“Large Ludicrous Picture Painting”
Drew Heitzler

Heitzler, Drew, “Large Ludicrous Picture Painting,” Conspiracy of Asses, Brussels: Triangle Books, 2021, pp. 92-93

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What do Calvin Marcus’s paintings do?

Not such a tough question I suppose. The work begins with watercolor on paper, politely proportioned as watercolors generally are. The product of table and stool. The tinted fluid drawing operates as the epistemological foundation for the work. The images, tied directly to the title phrases operate as ideogrammatic texts, longwinded icons. Los Angeles Painting, Conspiracy of Asses, Tall Snowman. Ghost of Younger Self. It is here that meaning in this work takes its first steps. The subjects are impolitically correct and knowingly derivative. Inauspicious one might think. And then Calvin makes them large. This is not uncommon, to work out a painting first as a drawing. What is uncommon here are the lengths the artist goes to in the reproduction of the drawing quality. Canvas is customized to take on the tooth and absorption of paper. The watercolor is scanned and enlarged through projection. Negatives pace is manipulated flatbed picture plane style, with acrylic, water, and compressed air. Positives pace is painted by hand. In the end we have a painting of a projection of a jpeg of a watercolor. A monkey-wrenching of the cyber that traverses the gap between artwork and network both literally and metaphorically A. process that starts with the hand, then moves through the computerized and the mechanical to arrive transformed at the hand once again. A pie of a drawing projected as a painting of a picture.

What do Calvin Marcus’s picture paintings do?

Well, most obviously, they scale. A tricky word, this one, mostly associated with tech-sector IPOs but for our purposes a prescient etymology would reference history painting from the camera lucida days, Abstract Expressionism, Systemic Painting, all those post-1945 German pictures, and SoHo in the 1980s. Scale, in this sense, is a function of the narrative construct. An embodiment of the ontological, confronting the viewer as epic and so becoming epic, becoming large. But Calvin’s picture-painting, even with content scaled to gigantic, never really scans this way. The flaccid lyricism of the watercolor defies the epic nature of the erected painting (and vice versa). In other words, the modest quality of the drawing undermines the painting’s authority while in turn the painting’s historical baggage questions the drawing’s emotional modesty. In this precarious state the work seems to time travel, haunted in its present wax by the spirit of its own inevitable wane. Think old man Guston cock-and-balling Nixon’s visage or a fucked up Kippenberger fiddling with his bolognese recipe at Capri and you’d be in the best head to consider the frustrated, lackadaisical, even anodyne power relations going on in these large picture paintings.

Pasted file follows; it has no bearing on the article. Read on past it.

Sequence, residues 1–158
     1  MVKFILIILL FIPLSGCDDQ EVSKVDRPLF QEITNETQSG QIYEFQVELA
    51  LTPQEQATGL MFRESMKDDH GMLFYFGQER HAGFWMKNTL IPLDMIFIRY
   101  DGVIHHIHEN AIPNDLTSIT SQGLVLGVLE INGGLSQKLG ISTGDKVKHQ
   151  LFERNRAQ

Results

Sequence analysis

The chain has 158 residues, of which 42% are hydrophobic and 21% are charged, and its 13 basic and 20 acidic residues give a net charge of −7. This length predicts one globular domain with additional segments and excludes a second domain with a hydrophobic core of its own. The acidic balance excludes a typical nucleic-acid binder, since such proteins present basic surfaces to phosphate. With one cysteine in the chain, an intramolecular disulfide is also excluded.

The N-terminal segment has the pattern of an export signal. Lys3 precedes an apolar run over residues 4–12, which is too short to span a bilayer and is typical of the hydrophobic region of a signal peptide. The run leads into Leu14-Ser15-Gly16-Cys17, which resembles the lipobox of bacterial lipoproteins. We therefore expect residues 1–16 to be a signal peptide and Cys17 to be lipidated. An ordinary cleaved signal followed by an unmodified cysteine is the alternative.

What do Calvin Marcus’s large picture paintings do?

They scale, as noted, and then they repeat. Ludicrously these off-color vulgarities of scale repeat themselves, the repetition made self-referentially part and parcel to the vulgarity itself. This practice of repetition predates Calvin’s practice of scaling and has progressed with successive bodies of his work. In the Green Calvin series the objects themselves repeat (minor difference of facture aside). In Me With Tongue and Were Good Men repetition occurs in the painting’s subject matter. In the Malvin Carcus paintings and now in this current body of work seriality occurs as device. With this in mind, repetition may be considered the more vital of the two operations identified here as essential qualities. It also represents a crucial difference between size and scale. In general, we think of size in linear terms, units repeating in succession. By contrast, scale is dimensionally exponential, a result of mathematical projection with Euclidean roots in the phenomenon of shadows cast by real world objects. Repetition, as a means of occupying physical space, is fairly efficient. Scaling, in conceptual terms, is even more so. Both, as a matter of form, are pragmatic.1 Pragmatism interestingly is the one school of philosophy fully developed in the United States, which may explain why theses meticulously bad picture paintings feel very American. Feel specifically suited to the irony of a hyperconnected society that still doesn’t seem to go anywhere. It is within these static currents of social fluidity that Calvin’s ludicrous repetitions of the anodyne work out their own social fluidity and currents of stasis.

This is what Calvin Marcus’s large ludicrous picture paintings do.